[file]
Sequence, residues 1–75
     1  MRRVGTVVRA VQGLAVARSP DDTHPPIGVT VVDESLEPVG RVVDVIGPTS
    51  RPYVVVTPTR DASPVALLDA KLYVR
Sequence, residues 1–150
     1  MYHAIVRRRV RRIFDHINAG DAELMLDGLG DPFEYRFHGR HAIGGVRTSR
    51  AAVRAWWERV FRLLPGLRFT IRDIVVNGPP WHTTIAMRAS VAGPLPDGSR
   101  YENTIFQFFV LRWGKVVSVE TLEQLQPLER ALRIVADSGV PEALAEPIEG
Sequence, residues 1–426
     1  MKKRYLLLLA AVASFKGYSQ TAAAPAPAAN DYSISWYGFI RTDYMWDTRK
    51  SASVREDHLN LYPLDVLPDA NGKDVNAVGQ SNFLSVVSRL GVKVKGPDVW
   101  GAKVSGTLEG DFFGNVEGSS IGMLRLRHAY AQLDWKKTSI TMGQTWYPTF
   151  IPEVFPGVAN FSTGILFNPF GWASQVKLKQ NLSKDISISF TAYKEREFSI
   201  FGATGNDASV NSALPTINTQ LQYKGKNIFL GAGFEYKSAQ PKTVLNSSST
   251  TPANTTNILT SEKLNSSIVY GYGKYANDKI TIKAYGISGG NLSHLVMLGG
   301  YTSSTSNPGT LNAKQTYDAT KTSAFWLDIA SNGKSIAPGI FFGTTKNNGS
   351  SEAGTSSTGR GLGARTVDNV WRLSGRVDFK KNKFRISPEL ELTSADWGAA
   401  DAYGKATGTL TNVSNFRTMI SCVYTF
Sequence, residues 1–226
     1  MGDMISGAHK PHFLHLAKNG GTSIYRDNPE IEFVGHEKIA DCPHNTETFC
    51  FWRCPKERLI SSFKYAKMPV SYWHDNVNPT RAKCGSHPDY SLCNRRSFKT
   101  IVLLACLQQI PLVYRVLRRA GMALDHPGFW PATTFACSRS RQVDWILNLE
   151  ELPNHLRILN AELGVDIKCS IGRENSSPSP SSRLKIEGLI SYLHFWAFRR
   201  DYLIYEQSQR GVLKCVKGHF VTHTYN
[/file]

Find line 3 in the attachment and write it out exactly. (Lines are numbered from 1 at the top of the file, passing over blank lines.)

    51  RPYVVVTPTR DASPVALLDA KLYVR